Slavery in Mauritania
Approximately 90,000 people, two percent of Mauritania’s population, are held in conditions of modern slavery.
Slavery in Mauritania dates back centuries, when Arab Berbers raided and enslaved Black Africans settled along the Senegal River, forcing them to the bottom of a race-based social system.
The Arab Berber elite and light-skinned Moors, who make up about one third of the population, continue race-based slavery today. This form of slavery is largely descent-driven, where dark-skinned Haratines are bonded to the family of those who enslaved them. Many are unaware that their exploitation is illegal, and in some cases, slavery survivors continue to serve their slaveholders after obtaining freedom out of “gratefulness and habit.” Their lack of access to education, decent labor, justice, political representation, and other rights is amplified by widespread systemic racism.
Our Solutions in Mauritania
Free the Slaves is building social inclusion of structurally and historically marginalized groups. This project focuses on the Haratines and other marginalized communities while supporting a broad, multilevel anti-slavery movement for accountability, in which Mauritania upholds its commitments enshrined in domestic law and international obligations.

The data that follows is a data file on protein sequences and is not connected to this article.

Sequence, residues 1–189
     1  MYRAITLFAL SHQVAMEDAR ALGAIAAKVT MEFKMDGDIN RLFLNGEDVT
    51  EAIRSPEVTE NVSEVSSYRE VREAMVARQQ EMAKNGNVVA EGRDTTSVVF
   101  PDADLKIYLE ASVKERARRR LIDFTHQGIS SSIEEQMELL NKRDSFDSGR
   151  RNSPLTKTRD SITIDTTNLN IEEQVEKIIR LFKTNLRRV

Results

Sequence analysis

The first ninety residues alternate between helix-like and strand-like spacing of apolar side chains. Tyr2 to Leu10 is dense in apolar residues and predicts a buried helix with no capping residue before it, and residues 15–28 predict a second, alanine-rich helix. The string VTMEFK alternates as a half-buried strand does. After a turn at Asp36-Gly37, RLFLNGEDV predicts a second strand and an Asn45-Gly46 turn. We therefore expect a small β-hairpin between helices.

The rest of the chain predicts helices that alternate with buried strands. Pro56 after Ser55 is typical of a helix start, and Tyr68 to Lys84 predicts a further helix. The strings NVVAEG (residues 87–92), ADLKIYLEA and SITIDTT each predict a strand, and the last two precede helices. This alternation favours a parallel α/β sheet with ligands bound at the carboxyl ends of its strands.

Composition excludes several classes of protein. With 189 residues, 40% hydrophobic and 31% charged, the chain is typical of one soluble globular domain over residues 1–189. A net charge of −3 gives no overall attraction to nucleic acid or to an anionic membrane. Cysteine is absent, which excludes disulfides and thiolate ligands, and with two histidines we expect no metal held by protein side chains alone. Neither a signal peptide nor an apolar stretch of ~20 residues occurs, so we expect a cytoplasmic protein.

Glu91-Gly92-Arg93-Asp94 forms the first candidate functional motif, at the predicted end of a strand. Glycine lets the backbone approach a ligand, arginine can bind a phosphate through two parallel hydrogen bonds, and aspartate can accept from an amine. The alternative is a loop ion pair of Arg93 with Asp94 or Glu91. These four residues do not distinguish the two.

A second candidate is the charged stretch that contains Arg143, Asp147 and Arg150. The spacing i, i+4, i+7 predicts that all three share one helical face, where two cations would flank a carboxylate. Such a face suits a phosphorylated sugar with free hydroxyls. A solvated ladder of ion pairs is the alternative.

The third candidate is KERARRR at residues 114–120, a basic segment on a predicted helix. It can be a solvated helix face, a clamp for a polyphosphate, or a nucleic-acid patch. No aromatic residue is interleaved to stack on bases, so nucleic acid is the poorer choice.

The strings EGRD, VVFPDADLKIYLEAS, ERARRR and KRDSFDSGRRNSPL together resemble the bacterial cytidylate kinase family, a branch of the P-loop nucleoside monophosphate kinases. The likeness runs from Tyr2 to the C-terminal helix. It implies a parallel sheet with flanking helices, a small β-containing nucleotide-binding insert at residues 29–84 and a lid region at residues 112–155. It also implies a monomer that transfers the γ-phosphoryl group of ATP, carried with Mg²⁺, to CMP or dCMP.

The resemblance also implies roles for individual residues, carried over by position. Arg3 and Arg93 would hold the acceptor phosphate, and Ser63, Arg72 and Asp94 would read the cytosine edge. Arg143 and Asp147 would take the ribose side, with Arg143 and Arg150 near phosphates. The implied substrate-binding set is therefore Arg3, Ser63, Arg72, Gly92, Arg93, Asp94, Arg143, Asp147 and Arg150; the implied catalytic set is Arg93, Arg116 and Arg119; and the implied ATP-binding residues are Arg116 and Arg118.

- Marginalized racial communities are engaged with their rights via a new platform that includes traditional and social media content
- Networks of civil society, lawyers, and community organizations are established for local advocacy, to hold the government accountable, and to foster a culture of human rights
- An international alliance of global civil society and national governments is holding the Mauritanian government accountable to its global commitments to uphold the rule of law.
Our Partners in Mauritania
Free the Slaves collaborates with…
- ALCD: Association de Lutte Contre la Dépendance (Association to Fight Against Addiction)
- IRA : Initiative for the Resurgence of Abolitionist Movement
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